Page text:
“Waste management is more than just a noisy truck rumbling past every two weeks to make your garbage disappear.”– Claude Joly, CFO of Empresas Berthier EBI de Costa Rica, S.A. (EBI CR).
Mr. Joly is right. We Canadians don’t often think beyond the truck. We tend to drag our garbage bags to the end of the driveway, slap our hands together, head back inside with a sense of accomplishment (especially if our accomplishments include some recycling), and count on the noisy truck to rumble past and do the rest.
But in other parts of the world, waste is a more complex problem, in countries like Costa Rica for example.
“When we went into Costa Rica in 1997 we saw that although there were environmental regulations in place to control waste, the infrastructure for properly handling that waste wasn’t in place yet,” says Joly.
EBI CR is the foreign affiliate of Québec’s EBI Environment Inc., a family-owned and operated company that runs a number of innovative and green waste management facilities in Québec.
“From the beginning of EBI we’ve designed and managed our sites according to Québec’s very strict environmental standards, and our goal was to bring those high standards to Costa Rica.”
It’s a fine example of the global market place working at its best; one country’s environmental expertise fulfilling a strong need that exists in another.
EBI’s international catalyst
EBI’s operations in Canada were always very strong, but like most successful companies, they always kept an eye out for growth opportunities. In 1995 one such opportunity presented itself when they were invited by the Québec government to attend a trade mission to Central and South America.
EBI visited a number of countries but in the end, Costa Rica stood out as the best fit for EBI’s first (and by no means its last) international endeavour.
“The conditions just seemed right. Environmental regulations were just starting to come in, but the disposal infrastructure wasn’t there yet. It was like Québec in the 1970s with the introduction of the Regulation respecting solid waste,” says Joly.
So EBI took the international plunge, and have since put in the necessary time and effort to grow that endeavour. Today, EBI CR is an industry leader in Costa Rica and continues to expand.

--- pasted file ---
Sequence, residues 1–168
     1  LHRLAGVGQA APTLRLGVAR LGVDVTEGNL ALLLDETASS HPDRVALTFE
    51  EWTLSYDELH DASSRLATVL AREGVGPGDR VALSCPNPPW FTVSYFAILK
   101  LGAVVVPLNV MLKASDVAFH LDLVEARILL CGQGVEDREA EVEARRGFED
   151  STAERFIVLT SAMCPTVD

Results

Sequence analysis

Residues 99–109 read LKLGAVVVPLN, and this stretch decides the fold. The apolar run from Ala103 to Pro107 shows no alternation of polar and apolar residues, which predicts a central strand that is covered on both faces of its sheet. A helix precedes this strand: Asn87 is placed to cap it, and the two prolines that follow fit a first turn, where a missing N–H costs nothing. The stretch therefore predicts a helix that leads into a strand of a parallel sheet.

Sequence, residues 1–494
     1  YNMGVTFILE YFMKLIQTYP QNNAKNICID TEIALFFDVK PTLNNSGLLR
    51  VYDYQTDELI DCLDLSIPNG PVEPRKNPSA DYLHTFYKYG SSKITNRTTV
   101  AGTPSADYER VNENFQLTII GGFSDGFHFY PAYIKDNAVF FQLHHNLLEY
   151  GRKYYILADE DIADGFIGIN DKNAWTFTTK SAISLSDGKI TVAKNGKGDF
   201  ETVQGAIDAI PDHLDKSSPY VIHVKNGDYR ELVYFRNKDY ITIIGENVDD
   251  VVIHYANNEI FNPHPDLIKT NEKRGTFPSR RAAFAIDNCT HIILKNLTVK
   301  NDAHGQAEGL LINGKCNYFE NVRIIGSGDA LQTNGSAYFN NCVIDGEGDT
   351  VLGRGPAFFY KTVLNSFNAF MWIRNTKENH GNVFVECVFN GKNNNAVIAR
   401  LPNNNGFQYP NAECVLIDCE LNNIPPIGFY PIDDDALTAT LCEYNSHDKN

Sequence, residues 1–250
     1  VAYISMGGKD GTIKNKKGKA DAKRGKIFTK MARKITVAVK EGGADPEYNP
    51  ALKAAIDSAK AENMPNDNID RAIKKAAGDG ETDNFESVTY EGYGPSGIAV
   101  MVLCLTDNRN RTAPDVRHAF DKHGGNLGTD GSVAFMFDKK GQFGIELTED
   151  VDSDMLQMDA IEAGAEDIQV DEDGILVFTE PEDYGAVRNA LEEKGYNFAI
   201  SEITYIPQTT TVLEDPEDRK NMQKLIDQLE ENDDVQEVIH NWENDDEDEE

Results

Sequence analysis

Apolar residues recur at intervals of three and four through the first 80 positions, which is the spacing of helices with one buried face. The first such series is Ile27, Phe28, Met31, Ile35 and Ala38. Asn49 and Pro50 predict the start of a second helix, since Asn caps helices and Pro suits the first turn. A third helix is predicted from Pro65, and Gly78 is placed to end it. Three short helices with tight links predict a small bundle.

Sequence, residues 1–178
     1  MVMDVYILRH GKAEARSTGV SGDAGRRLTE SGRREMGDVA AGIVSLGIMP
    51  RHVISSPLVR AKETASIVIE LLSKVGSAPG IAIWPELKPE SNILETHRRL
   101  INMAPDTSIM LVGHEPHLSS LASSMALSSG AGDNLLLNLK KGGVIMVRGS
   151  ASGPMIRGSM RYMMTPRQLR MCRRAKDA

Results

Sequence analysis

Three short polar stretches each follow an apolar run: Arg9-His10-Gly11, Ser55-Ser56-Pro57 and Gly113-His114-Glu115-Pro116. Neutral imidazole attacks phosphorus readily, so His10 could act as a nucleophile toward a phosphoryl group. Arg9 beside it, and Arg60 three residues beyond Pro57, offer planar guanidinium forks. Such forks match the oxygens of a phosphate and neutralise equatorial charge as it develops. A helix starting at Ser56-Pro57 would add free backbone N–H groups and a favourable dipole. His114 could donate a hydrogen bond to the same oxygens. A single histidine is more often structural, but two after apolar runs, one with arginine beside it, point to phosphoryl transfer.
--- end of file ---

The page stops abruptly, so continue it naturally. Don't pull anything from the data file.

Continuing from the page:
But success didn’t come overnight (waste management is more than just the truck, remember?). There were obstacles to overcome: fierce competition from companies in the same sector, resistance from municipalities wanting cheaper alternatives and delays in getting government permits.
One of the largest obstacles for EBI CR was getting financing for the purchase and development of land for their facilities. Costa Rican banks were hesitant in providing financing because they didn’t see the business value of EBI CR’s waste management sites. Similarly, Canadian banks were uncomfortable using EBI’s foreign assets as security.
EBI had to consider leveraging its assets in Canada to fuel their international operations, but this approach would have locked up working capital that they needed to continue growth at home.
Export Development Canada (EDC) was able to fill this challenging market gap; instead of using EBI’s Canadian assets as security, it recognized the value of EBI’s foreign assets and used these as security for financing.
“We visited EBI’s facilities in Canada and witnessed the quality and efficiency of their operations; we immediately understood their potential for growth in the Costa Rican market and wanted to help however we could,” says Martine Trudel, EDC’s Senior Account Manager for EBI.
Since 2009 EDC has provided EBI with five loans totaling USD 16.5M. In addition to financing, EDC provided EBI CR’s Costa Rican bank with a performance security guarantee (PSG) in 2013. The PSG, which replaces the collateral that EBI CR’s Costa Rican bank would have required to provide letters of guarantee for local contracts, has given the company the flexibility to pursue new contracts without worrying about tying up their own cash reserves.
“We do everything we can to help Canadian companies grow abroad, and it’s especially rewarding when they make a difference, like EBI has in Costa Rica,” adds Trudel.